S’pore environment minister tells Elon Musk his Tesla electric cars are a ‘lifestyle’
Public transport, according to minister Masagos Zulkifli, is the way to go.
It appears Singapore clearly doesn’t see eye-to-eye with tech tycoon and Silicon Valley billionaire Elon Musk.
Masagos hits back at Elon Musk
Musk, the CEO of electric vehicle (EV) manufacturer Tesla, had previously made some pointed comments online, implying that Singapore was slow to adopt electric vehicles.
In a tweet in May 2018, he criticised Singapore for being unsupportive of electric vehicles despite the country being “very prosperous“.
We tried, but Singapore govt is not supportive of electric vehicles
— Elon Musk (@elonmusk) May 26, 2018
Tesla cars a lifestyle
In an interview on Aug. 21, 2019, minister for environment and water resources Masagos Zulkifli subsequently retaliated by describing Musk’s Tesla cars as lifestyle assets, and that “what Elon Musk wants to produce is a lifestyle”.
He added that electric vehicles are not Singapore’s solution to climate-related issues, according to Bloomberg: “We are not interested in a lifestyle. We are interested in proper solutions that will address climate problems.”
Public transport the way to go
In his recent 2019 National Day Rally, Prime Minister Lee Hsien Loong’s addressed climate change in a big way.
PM Lee stated that it would cost over S$100 billion to protect the island-state from rising sea levels, one of climate change’s biggest threats.
Public transport the solution
Masagos clarified that electric vehicles were currently not the solution the government was looking for.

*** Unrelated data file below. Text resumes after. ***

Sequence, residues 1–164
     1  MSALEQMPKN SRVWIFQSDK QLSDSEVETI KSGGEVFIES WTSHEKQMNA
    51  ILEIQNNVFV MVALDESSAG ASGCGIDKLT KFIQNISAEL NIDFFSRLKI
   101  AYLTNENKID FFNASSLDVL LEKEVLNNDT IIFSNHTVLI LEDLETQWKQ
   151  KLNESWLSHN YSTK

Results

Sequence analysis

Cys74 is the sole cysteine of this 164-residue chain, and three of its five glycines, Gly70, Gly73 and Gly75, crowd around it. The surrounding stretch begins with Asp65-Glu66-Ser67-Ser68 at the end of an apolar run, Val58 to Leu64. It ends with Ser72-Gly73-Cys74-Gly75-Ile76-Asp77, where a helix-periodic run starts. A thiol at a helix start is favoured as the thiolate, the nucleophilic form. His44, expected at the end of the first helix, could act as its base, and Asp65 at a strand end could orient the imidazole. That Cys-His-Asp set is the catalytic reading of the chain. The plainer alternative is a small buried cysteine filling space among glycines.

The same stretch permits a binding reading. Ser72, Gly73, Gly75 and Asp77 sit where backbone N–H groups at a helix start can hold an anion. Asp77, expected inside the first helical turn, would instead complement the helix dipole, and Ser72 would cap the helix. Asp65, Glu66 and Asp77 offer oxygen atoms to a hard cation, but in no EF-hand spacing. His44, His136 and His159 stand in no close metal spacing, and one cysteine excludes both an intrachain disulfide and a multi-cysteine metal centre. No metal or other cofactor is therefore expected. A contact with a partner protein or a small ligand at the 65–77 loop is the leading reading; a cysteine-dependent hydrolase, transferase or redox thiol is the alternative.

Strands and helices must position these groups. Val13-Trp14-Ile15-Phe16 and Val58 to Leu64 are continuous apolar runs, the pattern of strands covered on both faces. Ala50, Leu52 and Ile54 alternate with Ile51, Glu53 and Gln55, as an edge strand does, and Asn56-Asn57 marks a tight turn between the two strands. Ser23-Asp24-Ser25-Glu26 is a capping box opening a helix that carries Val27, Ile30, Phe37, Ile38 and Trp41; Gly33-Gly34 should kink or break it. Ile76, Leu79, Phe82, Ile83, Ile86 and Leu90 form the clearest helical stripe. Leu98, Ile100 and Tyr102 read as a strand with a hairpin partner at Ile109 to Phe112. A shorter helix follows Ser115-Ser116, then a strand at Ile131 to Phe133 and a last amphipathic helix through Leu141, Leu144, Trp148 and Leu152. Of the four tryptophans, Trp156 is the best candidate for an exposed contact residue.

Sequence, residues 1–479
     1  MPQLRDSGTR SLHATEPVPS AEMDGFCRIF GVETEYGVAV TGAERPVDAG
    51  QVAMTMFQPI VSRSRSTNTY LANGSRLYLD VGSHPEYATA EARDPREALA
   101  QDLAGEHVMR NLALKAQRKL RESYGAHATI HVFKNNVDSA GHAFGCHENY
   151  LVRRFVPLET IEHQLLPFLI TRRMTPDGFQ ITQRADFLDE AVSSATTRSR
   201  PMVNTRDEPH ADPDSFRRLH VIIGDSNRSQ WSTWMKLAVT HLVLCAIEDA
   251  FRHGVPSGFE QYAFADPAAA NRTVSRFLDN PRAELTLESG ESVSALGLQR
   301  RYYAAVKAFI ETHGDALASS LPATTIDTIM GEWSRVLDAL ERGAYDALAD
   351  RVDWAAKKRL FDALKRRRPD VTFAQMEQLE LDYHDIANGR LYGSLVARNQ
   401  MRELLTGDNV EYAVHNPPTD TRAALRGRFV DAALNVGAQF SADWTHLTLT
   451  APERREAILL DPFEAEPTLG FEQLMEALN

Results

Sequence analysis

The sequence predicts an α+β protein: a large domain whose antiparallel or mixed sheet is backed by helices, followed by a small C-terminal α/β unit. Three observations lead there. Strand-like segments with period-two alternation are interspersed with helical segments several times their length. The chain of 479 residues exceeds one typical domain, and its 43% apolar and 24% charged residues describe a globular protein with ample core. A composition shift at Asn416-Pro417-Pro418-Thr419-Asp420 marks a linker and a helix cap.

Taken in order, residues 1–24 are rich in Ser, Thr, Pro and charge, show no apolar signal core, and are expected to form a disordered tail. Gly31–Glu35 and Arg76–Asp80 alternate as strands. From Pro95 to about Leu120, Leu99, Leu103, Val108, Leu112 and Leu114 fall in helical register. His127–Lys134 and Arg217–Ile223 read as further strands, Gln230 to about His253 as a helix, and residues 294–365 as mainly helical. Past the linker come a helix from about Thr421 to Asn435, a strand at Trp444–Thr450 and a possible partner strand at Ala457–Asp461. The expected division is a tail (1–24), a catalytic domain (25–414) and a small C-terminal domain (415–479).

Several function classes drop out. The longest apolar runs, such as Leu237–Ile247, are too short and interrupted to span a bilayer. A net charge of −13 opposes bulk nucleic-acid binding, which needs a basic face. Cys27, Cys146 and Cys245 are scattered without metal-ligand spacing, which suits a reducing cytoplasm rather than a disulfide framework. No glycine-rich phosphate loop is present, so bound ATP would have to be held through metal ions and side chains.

Instead, Singapore would be focusing on mass transit to tackle the problem of carbon emissions in our warming climate (carbon taxes aside).
In May 2019, the Land Transport Authority previously unveiled their Land Transport Masterplan (LTMP) 2040.
As part of the masterplan, the LTA is planning to improve connectivity between neighbourhoods, business districts and industrial areas by constructing more MRT lines and stations, and is planning for shorter bus commutes.
The aim is to ensure that any commuter’s journey from home to work would take 45 minutes tops.
Singapore not completely against EVs
Electric cars have been touted as the sustainable alternative to diesel-fuelled cars and vehicles.
But even as they produce less carbon emissions, they are not the panacea to the emissions-churning transport problem.
Shared public transport, due to its ability to ferry around many times the people a single car can, already saves on emissions generated per person.
A recent Forbes article also echoed the same sentiments.
Instead of relying on electric cars, governments should focus on encouraging the usage of public transport, walking or cycling.
Ultimately, electric cars do not appear to be the silver bullet to decarbonising the transport industry.
That doesn’t mean that Singapore is completely unreceptive to electric vehicles.
Shell just unveiled the country’s first electric vehicle charger at a petrol station in Sengkang.
“If there’s any country which can convert from petrol cars to 100 percent EVs, it will be Singapore,” said Masagos.
However, he did highlight the difficulty of installing adequate charging stations around the island, considering how 85 percent of the population resides in high-density areas.
Masagos said: “Just choosing a parking spot is already problematic. And now you want to say who gets the charging point. We do not have the solution yet.”
As of now, Musk has yet to respond to Masagos’ reply.
Top photo from Masagos Zulkifli / FB and Zaranika Tanefi / FB